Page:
Couldn’t resist sharing this wacky invention called The Walking House, which appeared in the New York Times’ House & Home section two days ago.
Apparently, the design of this jet-black structure, which looks like a giant, six-sided building-block with “windows” on each end, was inspired by 18th and 19th century Gypsy carriages.
A Danish art collective called N55 created it during a residency at the Wysing Arts Center in Cambridge, England (The Walking House photo is from this web site).
Envisioned as a “high-tech form of nomadic living,” The Walking House measures 60-square-feet. Inside: a bed, a kitchen, a toilet, a shower, and a wood burning stove.
The computer-controlled legs were created by a M.I.T. engineer. You can watch a little video of The Walking House’s snail-like movements here:
There are some pretty funny comments – hundreds of them, actually – on the YouTube post. I’ll paraphrase three that caught my attention:
What happened to using good, old-fashioned wheels?
What about just walking – you could move a lot faster!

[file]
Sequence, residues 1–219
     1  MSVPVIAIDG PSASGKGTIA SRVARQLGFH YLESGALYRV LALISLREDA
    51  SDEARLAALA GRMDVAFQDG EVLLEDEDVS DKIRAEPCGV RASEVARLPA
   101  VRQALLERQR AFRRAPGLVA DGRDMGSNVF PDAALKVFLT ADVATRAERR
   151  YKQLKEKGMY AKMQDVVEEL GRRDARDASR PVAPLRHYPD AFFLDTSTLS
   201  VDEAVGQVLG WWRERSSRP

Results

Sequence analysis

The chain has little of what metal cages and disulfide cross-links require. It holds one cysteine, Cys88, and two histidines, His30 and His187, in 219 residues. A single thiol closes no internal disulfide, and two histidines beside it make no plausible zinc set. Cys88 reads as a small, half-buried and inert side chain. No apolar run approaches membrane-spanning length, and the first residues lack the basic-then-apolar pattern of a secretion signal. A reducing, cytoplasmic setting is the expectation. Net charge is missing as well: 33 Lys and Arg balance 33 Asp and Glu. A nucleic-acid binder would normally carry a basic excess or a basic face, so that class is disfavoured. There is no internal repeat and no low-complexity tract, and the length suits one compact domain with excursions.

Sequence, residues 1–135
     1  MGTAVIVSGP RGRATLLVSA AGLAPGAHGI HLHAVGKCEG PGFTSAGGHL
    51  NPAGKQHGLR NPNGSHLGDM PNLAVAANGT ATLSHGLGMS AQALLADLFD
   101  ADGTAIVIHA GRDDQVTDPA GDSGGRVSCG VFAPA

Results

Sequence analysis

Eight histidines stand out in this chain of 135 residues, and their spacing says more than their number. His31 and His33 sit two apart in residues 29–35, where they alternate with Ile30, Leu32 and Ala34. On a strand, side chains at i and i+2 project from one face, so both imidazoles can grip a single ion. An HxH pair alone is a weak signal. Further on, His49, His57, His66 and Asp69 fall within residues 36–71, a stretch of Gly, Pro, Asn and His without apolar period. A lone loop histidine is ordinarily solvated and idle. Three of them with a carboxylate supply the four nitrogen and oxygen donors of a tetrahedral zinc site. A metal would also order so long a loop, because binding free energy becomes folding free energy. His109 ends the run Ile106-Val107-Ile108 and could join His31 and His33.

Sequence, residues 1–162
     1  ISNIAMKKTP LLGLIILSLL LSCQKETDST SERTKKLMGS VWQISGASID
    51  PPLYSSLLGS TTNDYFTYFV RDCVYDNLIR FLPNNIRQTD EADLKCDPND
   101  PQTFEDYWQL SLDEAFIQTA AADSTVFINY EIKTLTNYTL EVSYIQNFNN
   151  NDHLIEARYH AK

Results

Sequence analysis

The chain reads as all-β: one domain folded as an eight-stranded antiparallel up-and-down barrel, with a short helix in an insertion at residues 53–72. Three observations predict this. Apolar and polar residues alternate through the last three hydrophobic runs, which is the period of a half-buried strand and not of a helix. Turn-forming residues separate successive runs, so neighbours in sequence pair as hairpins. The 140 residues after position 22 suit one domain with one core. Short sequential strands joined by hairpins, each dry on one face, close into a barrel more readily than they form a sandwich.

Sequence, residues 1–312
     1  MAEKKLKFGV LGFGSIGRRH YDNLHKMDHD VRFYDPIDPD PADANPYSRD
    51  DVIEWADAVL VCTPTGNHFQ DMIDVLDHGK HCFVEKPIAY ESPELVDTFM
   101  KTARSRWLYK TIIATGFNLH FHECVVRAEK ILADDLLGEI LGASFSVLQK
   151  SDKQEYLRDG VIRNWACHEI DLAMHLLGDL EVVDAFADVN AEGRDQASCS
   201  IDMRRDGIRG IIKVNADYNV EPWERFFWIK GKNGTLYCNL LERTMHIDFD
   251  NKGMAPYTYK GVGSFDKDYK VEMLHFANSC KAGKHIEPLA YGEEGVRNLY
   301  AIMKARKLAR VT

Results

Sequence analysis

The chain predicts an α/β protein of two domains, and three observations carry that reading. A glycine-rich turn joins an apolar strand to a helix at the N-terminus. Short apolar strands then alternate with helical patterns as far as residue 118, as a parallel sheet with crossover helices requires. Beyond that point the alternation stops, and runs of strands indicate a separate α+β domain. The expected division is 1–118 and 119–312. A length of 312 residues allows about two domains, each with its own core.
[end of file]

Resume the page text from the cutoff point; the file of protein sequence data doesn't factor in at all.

This looks like it was designed for obese people to transport themselves to McDonald’s for a Big Mac
Uh-huh. I dunno, it seems like a lot of work to get this behemoth on six legs to s-l-o-w-l-y meander at the speed of 196 feet per hour.
All I know is that the real Gypsy carriage I visited in Sun Valley this past summer seemed quite a bit more sensible – and it has four old-fashioned wheels.
Inside, there is a full-sized bed, a little cooking area, charming lace curtains, and lots of appeal! Imagine sleeping here, with the canvas roof overhead like a big canopy.
Throw open the door and watch nature’s display; or, perch on the steps with a mug o’ coffee and admire the sunrise. Glorious!
This green-and-red Basque sheep wagon was restored by a craftsman named Cotton Riley (how’s that for authentic?) for Cindy Hamlin, a passionate garden designer and friend of Mary Ann Newcomer’s. I felt very lucky that Cindy shared her hideaway-on-wheels with me!